Earlier this week, I wrote about how ignorance is its own obstacle.

We operate with half formed ideas about our business. Internally, these concern the nature of roles, team members, offers, systems, and etc. Externally, we develop theories about trends, markets, and competitors.

These half formed ideas are emerging beliefs still coalescing from experience.

The challenge is that these emerging beliefs aren’t accurate, but we operate as if they are.

For example, a couple of years ago, we launched a service that I tested by selling some initial customers through PPC. Having established that customers were in search, we built up our SEO for those terms. I projected sales based off traffic. The traffic came, but the sales did not.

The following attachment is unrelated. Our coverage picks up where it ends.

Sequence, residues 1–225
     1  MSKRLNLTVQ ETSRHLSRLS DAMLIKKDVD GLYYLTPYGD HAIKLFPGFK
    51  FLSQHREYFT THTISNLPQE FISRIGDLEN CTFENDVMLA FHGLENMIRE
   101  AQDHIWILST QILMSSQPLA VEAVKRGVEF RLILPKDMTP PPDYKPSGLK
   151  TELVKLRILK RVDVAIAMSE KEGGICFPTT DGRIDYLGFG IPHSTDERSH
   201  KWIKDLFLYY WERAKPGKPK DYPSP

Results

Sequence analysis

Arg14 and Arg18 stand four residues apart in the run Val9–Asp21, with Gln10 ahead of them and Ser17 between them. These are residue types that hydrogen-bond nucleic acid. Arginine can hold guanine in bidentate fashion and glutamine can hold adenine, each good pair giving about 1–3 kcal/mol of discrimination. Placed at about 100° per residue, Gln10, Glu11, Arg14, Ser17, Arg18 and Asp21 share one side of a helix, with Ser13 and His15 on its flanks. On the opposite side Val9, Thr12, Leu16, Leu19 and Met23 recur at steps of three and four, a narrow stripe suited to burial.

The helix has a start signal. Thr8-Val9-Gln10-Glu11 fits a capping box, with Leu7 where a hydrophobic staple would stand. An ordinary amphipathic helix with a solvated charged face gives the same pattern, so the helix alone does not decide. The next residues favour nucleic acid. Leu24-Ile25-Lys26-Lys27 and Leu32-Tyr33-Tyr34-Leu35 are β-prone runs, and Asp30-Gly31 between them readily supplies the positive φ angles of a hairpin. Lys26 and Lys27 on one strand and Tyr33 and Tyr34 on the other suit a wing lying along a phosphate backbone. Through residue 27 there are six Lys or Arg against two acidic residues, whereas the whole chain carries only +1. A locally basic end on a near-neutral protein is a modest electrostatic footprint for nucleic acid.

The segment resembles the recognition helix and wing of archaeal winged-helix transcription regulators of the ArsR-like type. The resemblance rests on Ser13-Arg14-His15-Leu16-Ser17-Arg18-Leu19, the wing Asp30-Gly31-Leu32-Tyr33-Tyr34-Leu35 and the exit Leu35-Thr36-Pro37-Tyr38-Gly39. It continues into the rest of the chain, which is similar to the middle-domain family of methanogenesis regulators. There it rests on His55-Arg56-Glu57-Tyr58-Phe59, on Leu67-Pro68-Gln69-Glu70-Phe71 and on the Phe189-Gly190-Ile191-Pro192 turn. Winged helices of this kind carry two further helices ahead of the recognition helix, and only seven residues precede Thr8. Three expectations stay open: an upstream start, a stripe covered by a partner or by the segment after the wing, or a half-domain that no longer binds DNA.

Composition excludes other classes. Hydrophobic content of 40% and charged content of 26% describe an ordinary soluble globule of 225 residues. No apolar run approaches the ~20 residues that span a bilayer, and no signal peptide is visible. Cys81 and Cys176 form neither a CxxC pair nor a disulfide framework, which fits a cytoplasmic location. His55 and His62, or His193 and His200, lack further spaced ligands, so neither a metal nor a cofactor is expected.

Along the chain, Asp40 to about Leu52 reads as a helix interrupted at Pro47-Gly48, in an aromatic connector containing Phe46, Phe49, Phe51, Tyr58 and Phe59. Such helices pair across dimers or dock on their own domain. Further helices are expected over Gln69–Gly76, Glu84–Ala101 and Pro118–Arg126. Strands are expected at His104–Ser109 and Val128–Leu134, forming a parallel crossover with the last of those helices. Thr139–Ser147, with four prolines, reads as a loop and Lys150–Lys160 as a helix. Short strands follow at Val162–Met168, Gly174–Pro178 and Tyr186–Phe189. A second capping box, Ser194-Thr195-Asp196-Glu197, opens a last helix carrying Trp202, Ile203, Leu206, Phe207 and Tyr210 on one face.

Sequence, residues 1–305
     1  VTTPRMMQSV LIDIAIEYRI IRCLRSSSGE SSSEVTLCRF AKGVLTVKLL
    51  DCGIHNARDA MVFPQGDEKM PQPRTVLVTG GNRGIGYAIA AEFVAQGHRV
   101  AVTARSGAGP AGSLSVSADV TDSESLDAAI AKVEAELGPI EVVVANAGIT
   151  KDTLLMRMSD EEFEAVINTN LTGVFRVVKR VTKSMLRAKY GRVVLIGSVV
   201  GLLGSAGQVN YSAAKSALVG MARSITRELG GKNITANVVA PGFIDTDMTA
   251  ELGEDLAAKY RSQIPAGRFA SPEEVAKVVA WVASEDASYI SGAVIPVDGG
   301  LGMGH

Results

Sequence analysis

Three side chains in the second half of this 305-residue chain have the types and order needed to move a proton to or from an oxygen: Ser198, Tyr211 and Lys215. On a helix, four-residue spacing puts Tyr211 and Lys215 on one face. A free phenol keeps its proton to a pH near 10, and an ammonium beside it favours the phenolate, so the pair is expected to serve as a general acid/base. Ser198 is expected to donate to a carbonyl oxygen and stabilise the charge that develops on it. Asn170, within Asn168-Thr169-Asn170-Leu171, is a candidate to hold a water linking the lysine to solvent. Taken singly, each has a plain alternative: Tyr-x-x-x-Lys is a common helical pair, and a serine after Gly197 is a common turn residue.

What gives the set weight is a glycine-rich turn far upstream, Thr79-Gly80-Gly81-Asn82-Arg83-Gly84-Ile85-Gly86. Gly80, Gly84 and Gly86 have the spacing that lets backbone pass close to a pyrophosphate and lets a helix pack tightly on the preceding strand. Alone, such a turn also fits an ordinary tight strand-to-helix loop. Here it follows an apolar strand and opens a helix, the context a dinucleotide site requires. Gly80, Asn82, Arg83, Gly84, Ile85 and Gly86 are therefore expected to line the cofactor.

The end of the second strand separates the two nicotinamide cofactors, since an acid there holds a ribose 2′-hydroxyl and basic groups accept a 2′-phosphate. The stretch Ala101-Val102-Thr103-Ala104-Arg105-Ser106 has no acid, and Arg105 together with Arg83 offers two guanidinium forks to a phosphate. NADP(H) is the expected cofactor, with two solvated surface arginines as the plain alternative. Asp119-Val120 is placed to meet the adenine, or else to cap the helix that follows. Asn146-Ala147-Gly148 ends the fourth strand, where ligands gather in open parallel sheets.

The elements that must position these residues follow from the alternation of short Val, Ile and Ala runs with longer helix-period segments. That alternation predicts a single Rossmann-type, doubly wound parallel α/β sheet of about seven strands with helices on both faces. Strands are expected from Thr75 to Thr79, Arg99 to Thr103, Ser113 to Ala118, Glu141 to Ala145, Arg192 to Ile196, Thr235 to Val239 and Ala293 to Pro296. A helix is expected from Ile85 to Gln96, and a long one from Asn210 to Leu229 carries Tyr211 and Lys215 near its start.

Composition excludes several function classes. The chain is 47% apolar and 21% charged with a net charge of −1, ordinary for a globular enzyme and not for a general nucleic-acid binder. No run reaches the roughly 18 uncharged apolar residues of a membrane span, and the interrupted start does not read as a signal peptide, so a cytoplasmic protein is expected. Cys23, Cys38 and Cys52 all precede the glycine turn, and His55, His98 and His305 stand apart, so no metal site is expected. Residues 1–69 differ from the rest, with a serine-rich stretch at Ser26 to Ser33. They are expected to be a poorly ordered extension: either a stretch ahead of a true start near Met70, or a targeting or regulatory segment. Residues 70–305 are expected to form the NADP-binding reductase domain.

I believed, erroneously, that PPC ads would be treated the same way as content that ranked for those terms- but that wasn’t true. I would have been better served to spend that time and money optimizing PPC campaigns.

We don’t know where our beliefs are off, but we still have to operate based on something.

The trick is to identify what beliefs matter. Where are the obstacles to growth?

Once you’re clear on where you’re stuck, what are your assumptions about these obstacles?

Finally and most importantly:

What data would eliminate assuming?

Featured image is one of the maps that Columbus used as a basis to seek out Asia by crossing the ocean. The missing North American continent is super-imposed over the original 1472 map created by Paolo dal Pozzo Toscanelli. Revised illustration by Bartholomew, J. G. – A literary and historical atlas of America. Used under Public Domain